Good news: Gas prices continued to fall; bad news: that may change soon
Image via Damian Pardo.

Oil refinery attacks in Saudi Arabia have shaken oil futures pricing

Gasoline prices trickled downward again last week but that may be about to change, AAA warned Monday.

The attacks over the weekend on Saudi Arabia’s two biggest oil refineries have shaken the world’s pricing of gasoline futures, sending them upward about 11 percent on Sunday. President Donald Trump responded by opening access to America’s emergency reserves, but the net result still may send gas prices upward, AAA forecast.

Crude oil and gasoline futures prices opened with a bang Sunday night, AAA declared in a news release Monday morning. The United Sates benchmark — West Texas Intermediate — jumped 11 percent or a total of more than $6 for a barrel of oil. Gasoline futures also rose 11 percent or about 17 cents per gallon.

“This is a fluid situation which has quickly ignited, but could also flame out — depending on how the market responds over the next couple of days,” Mark Jenkins, spokesman, AAA — The Auto Club Group, stated in the release. “If oil prices hold at current levels, drivers could see gas prices begin to rise anywhere from five to 20 cents by the end of the week.”

Overall, Florida drivers currently are paying an average price of $2.40 per gallon, AAA reported. That’s down about three cents from last week, and about 34 cents from this time last year.

The cheapest gas in Florida was found in the Tampa-St. Petersburg-Clearwater market, at an average price of $2.33 a gallon. Gas cost an average of $2.36 a gallon in Pensacola and Orlando.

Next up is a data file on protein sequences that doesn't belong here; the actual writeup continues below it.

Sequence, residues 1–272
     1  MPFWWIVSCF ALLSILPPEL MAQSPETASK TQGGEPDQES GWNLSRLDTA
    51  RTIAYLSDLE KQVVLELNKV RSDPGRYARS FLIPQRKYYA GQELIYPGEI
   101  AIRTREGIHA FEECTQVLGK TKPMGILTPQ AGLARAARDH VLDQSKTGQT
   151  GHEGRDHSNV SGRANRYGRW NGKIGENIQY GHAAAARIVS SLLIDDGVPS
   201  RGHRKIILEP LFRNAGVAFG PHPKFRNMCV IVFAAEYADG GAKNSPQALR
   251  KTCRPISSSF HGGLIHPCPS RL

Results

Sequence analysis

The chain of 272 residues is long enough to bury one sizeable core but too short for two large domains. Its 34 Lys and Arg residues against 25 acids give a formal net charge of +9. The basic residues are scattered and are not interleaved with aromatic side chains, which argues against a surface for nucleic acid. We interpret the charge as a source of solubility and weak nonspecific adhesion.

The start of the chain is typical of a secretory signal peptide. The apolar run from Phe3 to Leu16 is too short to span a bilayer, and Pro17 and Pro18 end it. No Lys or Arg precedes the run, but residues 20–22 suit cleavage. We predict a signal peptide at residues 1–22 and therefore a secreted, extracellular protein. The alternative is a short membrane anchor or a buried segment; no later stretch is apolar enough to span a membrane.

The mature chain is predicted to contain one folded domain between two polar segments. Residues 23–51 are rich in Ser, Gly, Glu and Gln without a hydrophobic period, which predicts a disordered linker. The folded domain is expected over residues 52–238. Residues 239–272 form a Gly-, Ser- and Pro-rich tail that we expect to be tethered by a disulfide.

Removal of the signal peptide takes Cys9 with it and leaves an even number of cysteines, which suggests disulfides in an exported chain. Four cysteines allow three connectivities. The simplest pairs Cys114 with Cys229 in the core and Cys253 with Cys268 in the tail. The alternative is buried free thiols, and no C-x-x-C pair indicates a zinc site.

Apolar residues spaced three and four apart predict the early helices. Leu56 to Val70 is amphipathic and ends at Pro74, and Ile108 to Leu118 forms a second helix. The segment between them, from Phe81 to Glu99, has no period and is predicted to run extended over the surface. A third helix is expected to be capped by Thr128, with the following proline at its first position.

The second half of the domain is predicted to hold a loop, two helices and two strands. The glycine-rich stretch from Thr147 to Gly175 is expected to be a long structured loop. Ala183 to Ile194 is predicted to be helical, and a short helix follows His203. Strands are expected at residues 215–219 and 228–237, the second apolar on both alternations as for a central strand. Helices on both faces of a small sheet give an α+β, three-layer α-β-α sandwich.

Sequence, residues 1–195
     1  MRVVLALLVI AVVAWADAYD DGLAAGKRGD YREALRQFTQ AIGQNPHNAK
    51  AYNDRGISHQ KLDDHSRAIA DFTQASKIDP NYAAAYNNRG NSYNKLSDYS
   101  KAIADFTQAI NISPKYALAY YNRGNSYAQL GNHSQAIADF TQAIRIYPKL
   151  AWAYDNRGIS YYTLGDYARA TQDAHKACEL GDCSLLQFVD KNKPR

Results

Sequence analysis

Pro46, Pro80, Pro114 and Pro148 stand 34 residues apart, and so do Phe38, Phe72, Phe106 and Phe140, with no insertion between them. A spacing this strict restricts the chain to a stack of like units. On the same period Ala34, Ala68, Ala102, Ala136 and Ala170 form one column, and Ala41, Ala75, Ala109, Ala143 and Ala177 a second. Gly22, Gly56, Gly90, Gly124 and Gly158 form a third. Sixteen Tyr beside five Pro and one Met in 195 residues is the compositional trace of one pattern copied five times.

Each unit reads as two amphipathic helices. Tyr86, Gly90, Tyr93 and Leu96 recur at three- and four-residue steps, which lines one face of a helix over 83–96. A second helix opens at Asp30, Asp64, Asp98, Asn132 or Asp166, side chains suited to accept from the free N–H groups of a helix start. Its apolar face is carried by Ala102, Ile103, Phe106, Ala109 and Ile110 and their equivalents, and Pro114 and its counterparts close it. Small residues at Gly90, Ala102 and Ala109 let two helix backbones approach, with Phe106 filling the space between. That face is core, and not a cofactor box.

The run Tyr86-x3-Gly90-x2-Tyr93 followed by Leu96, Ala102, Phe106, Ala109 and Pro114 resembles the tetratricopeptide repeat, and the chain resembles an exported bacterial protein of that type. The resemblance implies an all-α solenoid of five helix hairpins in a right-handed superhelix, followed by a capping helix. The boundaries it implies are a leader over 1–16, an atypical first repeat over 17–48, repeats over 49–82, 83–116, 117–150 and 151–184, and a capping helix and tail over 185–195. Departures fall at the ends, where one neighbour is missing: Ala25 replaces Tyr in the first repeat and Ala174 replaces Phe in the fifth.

The most expensive gas was found in the Panama City market, averaging $2.53 per gallon. The West Palm Beach-Boca Raton market averaged $2.51, and Tallahassee, $2.48.

Miami drivers are paying just under $2.48 a gallon; Fort Lauderdale drivers, $2.41; Jacksonville, $2.35; Gainesville, $2.44; and Naples, $2.42.

Scott Powers

Scott Powers is an Orlando-based political journalist with 30+ years’ experience, mostly at newspapers such as the Orlando Sentinel and the Columbus Dispatch. He covers local, state and federal politics and space news across much of Central Florida. His career earned numerous journalism awards for stories ranging from the Space Shuttle Columbia disaster to presidential elections to misplaced nuclear waste. He and his wife Connie have three grown children. Besides them, he’s into mystery and suspense books and movies, rock, blues, basketball, baseball, writing unpublished novels, and being amused. Email him at [email protected]

One comment

  • Lisa S.

    September 16, 2019 at 3:18 pm

    “America’s largest oil refinery is now fully owned by Saudi Arabia.

    Saudi Aramco, the kingdom’s state-owned oil behemoth, took 100% control of the sprawling Port Arthur refinery in Texas on Monday, completing a deal that was first announced last year.

    Port Arthur is considered the crown jewel of the US refinery system. The Gulf Coast facility can process 600,000 barrels of oil per day, making it the largest refinery in North America.

    Aramco previously owned 50% of Port Arthur through a joint venture co-owned with Royal Dutch Shell (RDSA) called Motiva Enterprises.

    But the two oil giants had a rocky relationship and reached a deal in March 2016 to separate their assets. Shell put out a statement on Monday confirming the ‘completion’ of that break-up.

    In addition to Port Arthur, Aramco is acquiring full ownership of 24 distribution terminals. Aramco also gets the exclusive right to sell Shell-branded gasoline and diesel in Georgia, North Carolina, South Carolina, Virginia, Maryland, the eastern half of Texas and the majority of Florida.”

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